6TiSCH                                                   M. Vucinic, Ed.
Internet-Draft                                                     Inria
Intended status: Standards Track                                J. Simon
Expires: April 28, 2017                                Linear Technology
                                                               K. Pister
                                       University of California Berkeley
                                                        October 25, 2016

                 Minimal Security Framework for 6TiSCH


   This draft describes the minimal mechanisms required to support
   secure initial configuration in a device being added to a 6TiSCH
   network.  The goal of this configuration is to set link-layer keys,
   and to establish a secure session between each joining node and the
   JCE who may use that to further configure the joining device.
   Additional security behaviors and mechanisms may be added on top of
   this minimal framework.

Requirements Language

   The key words "MUST", "MUST NOT", "REQUIRED", "SHALL", "SHALL NOT",
   "OPTIONAL" in this document are to be interpreted as described in RFC
   2119 [RFC2119].

Status of This Memo

   This Internet-Draft is submitted in full conformance with the
   provisions of BCP 78 and BCP 79.

   Internet-Drafts are working documents of the Internet Engineering
   Task Force (IETF).  Note that other groups may also distribute
   working documents as Internet-Drafts.  The list of current Internet-
   Drafts is at http://datatracker.ietf.org/drafts/current/.

   Internet-Drafts are draft documents valid for a maximum of six months
   and may be updated, replaced, or obsoleted by other documents at any
   time.  It is inappropriate to use Internet-Drafts as reference
   material or to cite them other than as "work in progress."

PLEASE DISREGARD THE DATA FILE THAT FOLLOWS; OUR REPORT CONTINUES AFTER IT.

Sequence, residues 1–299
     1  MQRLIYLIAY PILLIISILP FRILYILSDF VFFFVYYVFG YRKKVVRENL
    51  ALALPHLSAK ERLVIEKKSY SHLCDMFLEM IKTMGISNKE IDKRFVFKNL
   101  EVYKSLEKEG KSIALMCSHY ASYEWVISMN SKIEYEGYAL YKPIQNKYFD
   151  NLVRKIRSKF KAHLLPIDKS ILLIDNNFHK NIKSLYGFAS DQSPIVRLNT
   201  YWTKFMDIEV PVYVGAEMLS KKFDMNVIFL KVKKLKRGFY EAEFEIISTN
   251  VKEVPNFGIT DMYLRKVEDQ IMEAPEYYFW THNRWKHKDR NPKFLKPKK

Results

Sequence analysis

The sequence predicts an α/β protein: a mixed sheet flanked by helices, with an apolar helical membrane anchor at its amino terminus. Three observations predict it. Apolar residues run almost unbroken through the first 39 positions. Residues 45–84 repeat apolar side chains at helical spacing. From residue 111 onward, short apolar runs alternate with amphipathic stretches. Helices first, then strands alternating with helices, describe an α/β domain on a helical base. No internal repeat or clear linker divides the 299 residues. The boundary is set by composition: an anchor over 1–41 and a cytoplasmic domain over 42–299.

This Internet-Draft will expire on April 28, 2017.

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Copyright Notice

   Copyright (c) 2016 IETF Trust and the persons identified as the
   document authors.  All rights reserved.

   This document is subject to BCP 78 and the IETF Trust's Legal
   Provisions Relating to IETF Documents
   (http://trustee.ietf.org/license-info) in effect on the date of
   publication of this document.  Please review these documents
   carefully, as they describe your rights and restrictions with respect
   to this document.  Code Components extracted from this document must
   include Simplified BSD License text as described in Section 4.e of
   the Trust Legal Provisions and are provided without warranty as
   described in the Simplified BSD License.

Table of Contents

   1.  Introduction  . . . . . . . . . . . . . . . . . . . . . . . .   3
   2.  Terminology . . . . . . . . . . . . . . . . . . . . . . . . .   3
   3.  Join Overview . . . . . . . . . . . . . . . . . . . . . . . .   4
     3.1.  Step 1 - Enhanced Beacon  . . . . . . . . . . . . . . . .   5
     3.2.  Step 2 - Neighbor Discovery . . . . . . . . . . . . . . .   5
     3.3.  Step 3 - Security Handshake . . . . . . . . . . . . . . .   5
       3.3.1.  Pre-Shared Key  . . . . . . . . . . . . . . . . . . .   5
       3.3.2.  Asymmetric Keys . . . . . . . . . . . . . . . . . . .   5
     3.4.  Step 4 - Join Request . . . . . . . . . . . . . . . . . .   6
     3.5.  Step 5 - Join Response  . . . . . . . . . . . . . . . . .   6
   4.  Protocol Specification  . . . . . . . . . . . . . . . . . . .   6
     4.1.  Proxy Operation of JA . . . . . . . . . . . . . . . . . .   7
       4.1.1.  Implementation of origin_info . . . . . . . . . . . .   7
     4.2.  OSCOAP Security Context Instantiation . . . . . . . . . .   7
     4.3.  Implementation of Join Request  . . . . . . . . . . . . .   8
     4.4.  Implementation of Join Response . . . . . . . . . . . . .   8
   5.  Link-layer requirements . . . . . . . . . . . . . . . . . . .   9
     5.1.  Well-known beacon authentication key  . . . . . . . . . .  10
     5.2.  Private beacon authentication key . . . . . . . . . . . .  10
   6.  Asymmetric Keys . . . . . . . . . . . . . . . . . . . . . . .  10
   7.  Security Considerations . . . . . . . . . . . . . . . . . . .  10
   8.  Privacy Considerations  . . . . . . . . . . . . . . . . . . .  11
   9.  IANA Considerations . . . . . . . . . . . . . . . . . . . . .  12
   10. Acknowledgments . . . . . . . . . . . . . . . . . . . . . . .  12
   11. References  . . . . . . . . . . . . . . . . . . . . . . . . .  12
     11.1.  Normative References . . . . . . . . . . . . . . . . . .  12
     11.2.  Informative References . . . . . . . . . . . . . . . . .  12
     11.3.  External Informative References  . . . . . . . . . . . .  14
   Appendix A.  Example  . . . . . . . . . . . . . . . . . . . . . .  14
   Authors' Addresses  . . . . . . . . . . . . . . . . . . . . . . .  16

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1.  Introduction

   When a previously unknown device seeks admission to a 6TiSCH
   [RFC7554] network (to "join"), it first needs to synchronize to the